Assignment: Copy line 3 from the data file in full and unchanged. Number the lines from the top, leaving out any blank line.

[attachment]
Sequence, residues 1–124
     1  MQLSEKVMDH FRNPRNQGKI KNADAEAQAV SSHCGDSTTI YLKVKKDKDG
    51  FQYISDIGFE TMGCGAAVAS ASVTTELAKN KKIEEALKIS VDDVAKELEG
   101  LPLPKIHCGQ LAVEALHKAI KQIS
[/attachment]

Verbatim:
    51  FQYISDIGFE TMGCGAAVAS ASVTTELAKN KKIEEALKIS VDDVAKELEG